As those of us old enough to remember watching sports on TV a few decades ago remember, the experience was really much more akin to watching a game live than what we get today. And of course no one was recording the sucker to watch again later, either. Today everyone is DVR-ing everything, with all plays documented in precise detail and available for close study later to those who make it their business to analyze and interpret statistical data from sporting events. The same goes for other types of research and study, too.

I sometimes write about film, and over the years I have managed to place a few articles in academic journals that included detailed analyses of films. These articles all were written within the last decade, and so I obviously benefited from having personal copies of the films about which I was writing, enabling me to look at them repeatedly and examine them closely for potentially relevant details.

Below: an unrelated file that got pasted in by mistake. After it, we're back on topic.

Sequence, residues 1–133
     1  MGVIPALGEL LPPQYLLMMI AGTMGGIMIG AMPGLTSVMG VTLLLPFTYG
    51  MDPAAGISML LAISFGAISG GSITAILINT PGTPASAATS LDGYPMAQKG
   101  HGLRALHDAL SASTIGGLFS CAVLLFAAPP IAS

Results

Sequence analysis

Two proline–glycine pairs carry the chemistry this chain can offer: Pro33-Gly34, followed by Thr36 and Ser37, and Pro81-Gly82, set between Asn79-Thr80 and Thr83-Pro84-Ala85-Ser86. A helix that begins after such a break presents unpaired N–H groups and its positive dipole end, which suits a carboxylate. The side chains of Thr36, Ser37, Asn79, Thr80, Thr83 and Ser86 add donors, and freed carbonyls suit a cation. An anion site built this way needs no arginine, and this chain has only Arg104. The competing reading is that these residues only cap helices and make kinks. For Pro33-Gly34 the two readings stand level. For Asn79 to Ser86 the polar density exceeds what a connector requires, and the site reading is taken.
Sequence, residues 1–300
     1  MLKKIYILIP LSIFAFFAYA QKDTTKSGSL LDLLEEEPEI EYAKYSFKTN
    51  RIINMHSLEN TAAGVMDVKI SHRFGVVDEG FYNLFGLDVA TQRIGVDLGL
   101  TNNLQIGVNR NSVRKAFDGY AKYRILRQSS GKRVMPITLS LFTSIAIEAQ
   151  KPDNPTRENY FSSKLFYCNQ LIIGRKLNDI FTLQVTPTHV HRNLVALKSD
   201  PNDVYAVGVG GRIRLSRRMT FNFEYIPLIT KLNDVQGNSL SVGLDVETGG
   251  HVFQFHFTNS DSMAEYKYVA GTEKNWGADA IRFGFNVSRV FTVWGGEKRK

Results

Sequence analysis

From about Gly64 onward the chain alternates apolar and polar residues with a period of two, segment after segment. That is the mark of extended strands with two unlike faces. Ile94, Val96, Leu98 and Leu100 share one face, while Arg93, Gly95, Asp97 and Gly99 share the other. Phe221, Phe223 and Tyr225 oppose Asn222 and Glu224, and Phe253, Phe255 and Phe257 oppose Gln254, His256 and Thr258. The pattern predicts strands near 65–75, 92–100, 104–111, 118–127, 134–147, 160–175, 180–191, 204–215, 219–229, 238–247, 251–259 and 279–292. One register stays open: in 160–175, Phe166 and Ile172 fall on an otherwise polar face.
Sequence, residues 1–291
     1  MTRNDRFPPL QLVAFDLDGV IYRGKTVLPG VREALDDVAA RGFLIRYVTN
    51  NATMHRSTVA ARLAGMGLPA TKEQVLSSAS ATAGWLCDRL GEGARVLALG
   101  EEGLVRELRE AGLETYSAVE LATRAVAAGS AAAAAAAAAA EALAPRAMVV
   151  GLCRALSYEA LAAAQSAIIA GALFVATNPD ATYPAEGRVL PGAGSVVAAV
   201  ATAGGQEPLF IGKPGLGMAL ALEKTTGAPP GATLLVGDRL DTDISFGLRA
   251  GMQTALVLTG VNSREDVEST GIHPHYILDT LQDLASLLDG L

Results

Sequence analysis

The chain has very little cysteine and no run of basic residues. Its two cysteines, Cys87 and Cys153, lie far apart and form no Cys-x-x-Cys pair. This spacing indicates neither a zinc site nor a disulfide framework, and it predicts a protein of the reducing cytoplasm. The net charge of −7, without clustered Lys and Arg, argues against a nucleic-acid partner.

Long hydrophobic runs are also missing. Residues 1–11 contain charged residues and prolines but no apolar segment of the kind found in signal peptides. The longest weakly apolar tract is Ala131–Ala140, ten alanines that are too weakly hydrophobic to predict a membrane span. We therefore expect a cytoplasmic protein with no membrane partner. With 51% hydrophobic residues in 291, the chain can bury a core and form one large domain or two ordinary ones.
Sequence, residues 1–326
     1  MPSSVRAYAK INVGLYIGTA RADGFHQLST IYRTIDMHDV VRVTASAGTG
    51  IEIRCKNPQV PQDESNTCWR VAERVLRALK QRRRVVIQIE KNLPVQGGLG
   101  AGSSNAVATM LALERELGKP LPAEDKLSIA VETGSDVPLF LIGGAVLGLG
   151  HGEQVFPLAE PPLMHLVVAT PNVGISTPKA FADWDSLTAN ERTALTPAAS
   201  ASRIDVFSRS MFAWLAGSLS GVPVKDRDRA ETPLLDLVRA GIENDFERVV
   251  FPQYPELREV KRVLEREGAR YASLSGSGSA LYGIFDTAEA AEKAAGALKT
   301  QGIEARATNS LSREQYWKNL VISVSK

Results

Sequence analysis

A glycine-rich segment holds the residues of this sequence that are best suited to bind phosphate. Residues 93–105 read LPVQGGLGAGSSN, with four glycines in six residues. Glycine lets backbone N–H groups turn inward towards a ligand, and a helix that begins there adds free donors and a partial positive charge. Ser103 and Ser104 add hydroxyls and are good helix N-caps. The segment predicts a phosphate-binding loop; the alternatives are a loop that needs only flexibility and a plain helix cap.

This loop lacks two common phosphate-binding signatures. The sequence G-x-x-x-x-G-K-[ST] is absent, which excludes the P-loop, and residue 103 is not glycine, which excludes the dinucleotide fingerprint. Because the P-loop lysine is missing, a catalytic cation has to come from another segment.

Speaking of, I have a film article coming out in the new issue Paracinema, a print publication that features in-depth studies of all sorts of off-the-beaten-path films and cinema-related subjects.

My article actually looks at five different films, all produced by Universal in the early 1970s as part of a “youth division” within the big studio designed to make low-budgeted, quasi-“indie” films. The movies I discuss are Taking Off (1971, dir. Milos Forman), The Hired Hand (1971, dir. Peter Fonda), The Last Movie (1971, dir. Dennis Hopper), Silent Running (1972, dir. Donald Trumbull), and American Graffiti (1973, dir. George Lucas). Mine is just one of a dozen essays in the issue (No. 18), which you can order for just $7 over at the Paracinema website, if you’re interested. (Shipping is free!)